Disney’s Invisible Hand In Gender Definition

Make your own free website on Tripod.com

Disney's Invisible Hand In Gender Definition

Introduction | The Activity | Evaluation

Copyright;1998 Brian McKenna


While growing up, what did you think you would need to have a happy life?

Was is to be swept off your feet by a lawyer or doctor, have the most amazing wedding, no career ambitions, raise a happy family and be a popular member of the community while all the time maintaining a tremendous beauty?
Was it to be a strong respected individual that could do everything both at work and home, find a beautiful spouse, have all the answers, demonstrating amazing heroic ability under pressure and financially care for your family?

Did you immediately assume that the first situation was for a woman and the second for a man? Neither sentence states an indication that it is for a particular sex, nor should they. However we live in a society that has been impacted strongly by the media. In the 1950’s and 1960’s, gender roles were defined by such shows as the Donna Reed Show, the Dick Van Dyke Show, and Leave it To Beaver. On the silver screen, a young boy would learn what it was to be a man through the spaghetti westerns and John Wayne war movies. A young girl may have believed happiness came from being beautiful, submissive and following in the steps of her man. Girls saw the likes of Marilyn Monroe, Jane Mansfield and Greta Garbo as bigger than life stars by playing these types of characters.

So has society changed? And if society has changed, is it for the better or worse? Many can point to significant advancements in putting both men and women on an equal playing field, but has the media helped or hurt the cause of women? A major player in the movie medium over these years has been Disney. We can all remember growing up with amazing feature length cartoons. Unfortunately, the message behind the story may have done more damage then the 90 minutes of viewing pleasure.

As many have learned through the economist Adam Smith’s Wealth of Nations, the government has an invisible hand that can greatly affect the economy. When a government employs a laissez-faire (hands off) policy to the economy it supposedly works best. Your responsibility will be to determine what impact Disney has had on society’s view on gender roles. Have they had an invisible hand and, if so, what impact has it had on you and your classmates?


You will need to begin by forming groups based on gender and hopefully no more than 3 or 4 in a group.

Day 1
  1. List as many Disney animated movies that you can. Next, select five or six of these animated features. They can be a classic like Snow White or a relatively new film such as The Little Mermaid. If you need help in thinking of movies, then go to this Disney animated features site which has many of the movies that Disney has done.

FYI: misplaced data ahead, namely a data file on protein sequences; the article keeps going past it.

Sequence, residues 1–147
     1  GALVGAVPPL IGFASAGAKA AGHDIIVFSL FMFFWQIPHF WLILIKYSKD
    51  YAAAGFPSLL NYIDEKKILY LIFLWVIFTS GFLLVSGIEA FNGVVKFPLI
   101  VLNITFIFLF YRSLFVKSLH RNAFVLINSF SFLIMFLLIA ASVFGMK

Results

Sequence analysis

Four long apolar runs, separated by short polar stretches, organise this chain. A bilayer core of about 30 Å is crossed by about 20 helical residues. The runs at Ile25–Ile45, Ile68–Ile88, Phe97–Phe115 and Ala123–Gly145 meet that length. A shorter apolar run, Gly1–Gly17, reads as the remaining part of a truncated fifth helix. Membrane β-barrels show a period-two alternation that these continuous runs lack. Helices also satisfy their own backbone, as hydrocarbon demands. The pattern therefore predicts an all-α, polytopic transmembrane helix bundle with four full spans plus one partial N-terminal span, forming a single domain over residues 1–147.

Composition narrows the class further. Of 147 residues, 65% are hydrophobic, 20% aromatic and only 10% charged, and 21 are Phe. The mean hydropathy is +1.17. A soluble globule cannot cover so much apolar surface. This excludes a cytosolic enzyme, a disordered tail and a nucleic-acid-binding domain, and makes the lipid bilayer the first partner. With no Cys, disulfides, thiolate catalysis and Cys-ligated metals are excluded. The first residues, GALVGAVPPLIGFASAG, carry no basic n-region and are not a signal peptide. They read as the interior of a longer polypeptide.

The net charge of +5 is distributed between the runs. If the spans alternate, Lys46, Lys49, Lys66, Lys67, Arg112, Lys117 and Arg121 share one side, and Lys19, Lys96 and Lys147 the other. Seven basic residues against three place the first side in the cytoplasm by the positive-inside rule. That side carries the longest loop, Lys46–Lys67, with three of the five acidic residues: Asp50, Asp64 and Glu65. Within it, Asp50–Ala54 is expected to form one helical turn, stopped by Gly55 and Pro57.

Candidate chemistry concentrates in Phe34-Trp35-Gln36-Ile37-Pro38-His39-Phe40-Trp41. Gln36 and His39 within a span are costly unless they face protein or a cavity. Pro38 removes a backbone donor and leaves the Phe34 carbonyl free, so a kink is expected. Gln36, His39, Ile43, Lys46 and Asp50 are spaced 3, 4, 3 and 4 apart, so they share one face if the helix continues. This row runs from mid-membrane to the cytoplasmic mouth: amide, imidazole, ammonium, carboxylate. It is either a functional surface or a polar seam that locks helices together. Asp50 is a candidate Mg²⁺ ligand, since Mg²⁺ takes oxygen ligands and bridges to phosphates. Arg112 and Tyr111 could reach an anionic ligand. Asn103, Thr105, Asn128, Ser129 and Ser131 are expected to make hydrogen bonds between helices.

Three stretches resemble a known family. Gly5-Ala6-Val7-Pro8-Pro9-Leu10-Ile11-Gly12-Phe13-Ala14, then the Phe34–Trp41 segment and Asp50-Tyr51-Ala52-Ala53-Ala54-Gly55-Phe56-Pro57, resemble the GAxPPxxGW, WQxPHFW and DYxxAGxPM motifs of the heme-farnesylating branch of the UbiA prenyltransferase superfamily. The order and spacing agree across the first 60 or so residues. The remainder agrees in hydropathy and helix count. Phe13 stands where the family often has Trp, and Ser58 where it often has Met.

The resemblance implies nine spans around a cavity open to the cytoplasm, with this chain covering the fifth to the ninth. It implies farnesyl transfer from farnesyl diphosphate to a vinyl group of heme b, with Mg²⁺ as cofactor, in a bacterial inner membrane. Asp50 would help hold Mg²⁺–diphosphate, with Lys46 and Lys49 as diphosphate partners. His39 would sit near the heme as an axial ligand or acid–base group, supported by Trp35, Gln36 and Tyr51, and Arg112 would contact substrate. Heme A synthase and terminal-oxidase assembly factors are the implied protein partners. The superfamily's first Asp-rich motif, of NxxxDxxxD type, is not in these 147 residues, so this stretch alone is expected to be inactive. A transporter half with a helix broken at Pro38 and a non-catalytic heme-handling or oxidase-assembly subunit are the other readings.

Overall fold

2. Once you select the five or six movies, create a table from a program like Microsoft Word. The headings for the columns will be: "Movie", "Heroine", "Characteristics of the Heroine", "Hero" and "Characteristics of the Hero." Complete the table with your group and turn it in at the end of class. You should have a list of 5 or 6 characteristics per hero/heroine and you will find out that it may be repetitive within the same gender.

Day 2
The class will begin with a discussion lead by your instructor. The topic will be what assumptions can you make from the table your group created and are those assumptions good or bad. For example, one can state, "Disney movies send a message to society that the male should be a _____________, while the female should be a ______________. I can support these assumptions from these particular movies and characters." If more time is available, then students should preview these excellent articles on Disney stereotypes before this class discussion:

For Young Asians, "Mulan" a Complex Image
Katherine Kim, Andrea Quong and Marian Liu of Brave New World, a Pacific News Service, discuss their feelings of Disney's first attempt at an Asian character.

Children's movies are often rife with negative imagery
Scott Sleek, staff writer from the American Psychological Association's the Monitor, discusses Disney stereotypes with special emphasis on male and female gender roles.

Animating Youth : the Disnification of Children's Culture